The role of natural gas as a tool for decarbonisation is a crucial aspect of the ongoing energy policy debate globally and has tremendous resonance in Argentina and for the hemisphere’s energy security discourse. The potential for advancing decarbonisation efforts through the strategic utilisation of natural gas resources is important. Natural gas can serve as a transitional fuel to facilitate a shift away from more carbon-intensive sources, particularly in legacy infrastructure cases by displacing liquid fuels in the Southern Cone, for example in the mining, transport, and even power sectors. Natural gas offers a cleaner alternative for industries, thus aiding in reducing emissions intensity across the region. However, methane emissions are of great concern and must be addressed further and more profoundly. 

Argentina boasts abundant natural gas reserves presenting an opportunity to propel the energy transition forward. This is particularly the case when it comes to under-utilised regional infrastructure and networks. But to properly reboot the role of natural gas for regional energy integration, with Argentina and specifically, Vaca Muerta at the core, the administration and private sector must continue to regain the confidence of neighbours as importers. 

In the medium and longer term, the opportunity and potential for Argentina to become a global player by way of liquefied natural gas (LNG) and to export energy security beyond South America, perhaps to Europe, is a reasonable prospect.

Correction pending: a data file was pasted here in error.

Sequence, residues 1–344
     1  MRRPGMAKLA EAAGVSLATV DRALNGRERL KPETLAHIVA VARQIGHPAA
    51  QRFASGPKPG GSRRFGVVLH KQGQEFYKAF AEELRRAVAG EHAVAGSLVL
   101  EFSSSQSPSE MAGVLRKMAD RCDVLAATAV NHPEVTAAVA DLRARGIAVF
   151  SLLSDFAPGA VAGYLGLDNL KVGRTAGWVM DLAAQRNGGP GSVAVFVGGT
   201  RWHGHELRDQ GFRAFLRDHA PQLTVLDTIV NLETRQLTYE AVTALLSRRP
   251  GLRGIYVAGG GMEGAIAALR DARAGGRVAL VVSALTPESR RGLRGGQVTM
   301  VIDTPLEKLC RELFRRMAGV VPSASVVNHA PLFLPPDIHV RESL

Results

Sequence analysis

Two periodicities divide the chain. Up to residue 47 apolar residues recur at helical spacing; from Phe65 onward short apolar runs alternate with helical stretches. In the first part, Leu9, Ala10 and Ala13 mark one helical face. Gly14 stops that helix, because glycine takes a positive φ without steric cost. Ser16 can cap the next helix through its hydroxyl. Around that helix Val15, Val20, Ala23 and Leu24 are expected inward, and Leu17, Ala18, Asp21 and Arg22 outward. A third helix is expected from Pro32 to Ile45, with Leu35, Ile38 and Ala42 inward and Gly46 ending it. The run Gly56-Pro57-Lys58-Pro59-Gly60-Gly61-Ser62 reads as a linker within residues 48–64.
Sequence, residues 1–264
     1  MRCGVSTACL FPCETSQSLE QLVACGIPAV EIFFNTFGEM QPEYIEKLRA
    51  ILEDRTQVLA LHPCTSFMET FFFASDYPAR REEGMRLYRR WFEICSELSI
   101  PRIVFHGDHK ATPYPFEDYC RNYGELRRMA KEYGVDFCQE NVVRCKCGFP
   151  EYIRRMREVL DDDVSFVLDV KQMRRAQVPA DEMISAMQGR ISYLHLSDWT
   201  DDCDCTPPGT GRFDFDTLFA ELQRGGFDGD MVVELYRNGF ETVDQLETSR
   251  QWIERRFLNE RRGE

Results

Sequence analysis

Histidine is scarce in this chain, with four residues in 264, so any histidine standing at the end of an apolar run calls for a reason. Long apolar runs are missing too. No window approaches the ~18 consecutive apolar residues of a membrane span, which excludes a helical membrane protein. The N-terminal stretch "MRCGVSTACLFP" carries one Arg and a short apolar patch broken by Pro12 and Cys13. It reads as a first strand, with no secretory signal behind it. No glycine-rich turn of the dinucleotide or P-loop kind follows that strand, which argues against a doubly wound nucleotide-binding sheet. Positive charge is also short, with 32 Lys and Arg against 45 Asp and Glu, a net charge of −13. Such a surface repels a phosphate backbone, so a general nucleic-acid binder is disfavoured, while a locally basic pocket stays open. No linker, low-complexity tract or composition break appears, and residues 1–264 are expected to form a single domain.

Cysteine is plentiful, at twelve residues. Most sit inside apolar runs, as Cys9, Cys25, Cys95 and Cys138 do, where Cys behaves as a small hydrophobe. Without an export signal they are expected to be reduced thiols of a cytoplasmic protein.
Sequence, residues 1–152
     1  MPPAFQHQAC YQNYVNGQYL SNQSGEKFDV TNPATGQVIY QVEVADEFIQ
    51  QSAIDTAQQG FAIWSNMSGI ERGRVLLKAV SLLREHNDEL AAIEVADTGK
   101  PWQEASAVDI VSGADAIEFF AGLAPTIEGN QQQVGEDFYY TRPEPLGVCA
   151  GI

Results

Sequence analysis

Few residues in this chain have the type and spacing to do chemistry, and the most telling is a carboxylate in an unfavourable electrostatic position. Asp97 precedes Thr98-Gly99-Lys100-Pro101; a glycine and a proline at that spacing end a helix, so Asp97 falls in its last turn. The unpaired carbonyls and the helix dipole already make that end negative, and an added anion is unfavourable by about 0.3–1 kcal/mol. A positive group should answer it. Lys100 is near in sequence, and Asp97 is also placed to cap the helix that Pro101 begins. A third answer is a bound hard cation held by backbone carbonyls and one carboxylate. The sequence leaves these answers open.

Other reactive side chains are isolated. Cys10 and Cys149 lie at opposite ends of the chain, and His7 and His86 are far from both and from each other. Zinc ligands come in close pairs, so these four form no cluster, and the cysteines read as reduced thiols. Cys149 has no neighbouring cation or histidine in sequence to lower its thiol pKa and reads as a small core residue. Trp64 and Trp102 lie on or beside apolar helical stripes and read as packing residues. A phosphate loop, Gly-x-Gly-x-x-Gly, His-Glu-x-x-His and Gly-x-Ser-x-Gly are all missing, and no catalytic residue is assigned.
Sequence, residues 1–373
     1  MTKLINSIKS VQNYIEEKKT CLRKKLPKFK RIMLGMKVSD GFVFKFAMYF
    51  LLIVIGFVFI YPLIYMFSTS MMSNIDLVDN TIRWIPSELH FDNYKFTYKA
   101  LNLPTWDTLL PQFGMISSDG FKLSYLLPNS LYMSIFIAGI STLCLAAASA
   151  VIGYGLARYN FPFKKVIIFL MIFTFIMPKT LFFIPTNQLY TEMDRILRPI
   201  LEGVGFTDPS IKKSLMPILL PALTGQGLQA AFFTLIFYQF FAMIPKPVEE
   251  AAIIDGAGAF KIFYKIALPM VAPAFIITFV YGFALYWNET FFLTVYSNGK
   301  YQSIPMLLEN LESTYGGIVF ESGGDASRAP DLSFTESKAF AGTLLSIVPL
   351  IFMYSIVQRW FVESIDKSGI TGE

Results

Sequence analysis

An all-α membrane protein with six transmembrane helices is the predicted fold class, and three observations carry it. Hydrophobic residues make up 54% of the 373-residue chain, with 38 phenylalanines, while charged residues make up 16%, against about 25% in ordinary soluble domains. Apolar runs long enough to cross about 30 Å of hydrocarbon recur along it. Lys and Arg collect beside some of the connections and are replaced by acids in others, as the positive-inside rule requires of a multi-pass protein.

Finally, we also believe that formalisation of the issues at the core of our efforts would greatly advance the bilateral relationship and enhance energy transition and decarbonisation efforts. Specifically, we propose the two nations consider launching an ‘Argentina-US Bilateral Energy Forum.’ It could be modelled on similar bilateral agreements that the US has developed with countries across the hemisphere such as Brazil.

Beyond market and investment climate aspects, the bilateral forum could set forth collaboration on areas such as:

– Methane abatement and management to enhance the international competitiveness of natural gas and LNG from Argentina.
– Critical mineral development with an emphasis on lithium and leveraging inclusion into the US’s IRA framework.
– Increased clean energy and EV deployment. 
– Infrastructure to deliver clean energy; transmission and distribution assets, along with EV charging with the overarching goal of grid reliability. 
– Investments and inputs to position Argentina as a reliable supplier of low carbon products, such as green fertilisers or other e-fuels derived from green hydrogen.

Whether a formal bilateral framework is derived from the upcoming visit, our institutions, members and stakeholders remain committed to fostering a deeper and more robust relationship between the United States and Argentina. 

Our regional energy security and decarbonisation pathway will only be enhanced by such collaboration.  


* Vice-President, Energy & Sustainability, Institute of the Americas
** Vice-Dean, School of Engineering, University of Buenos Aires and President of Centro de Estudios de la Actividad Regulatoria Energética (CEARE)

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by Jeremy M. Martin* & Raúl Bertero**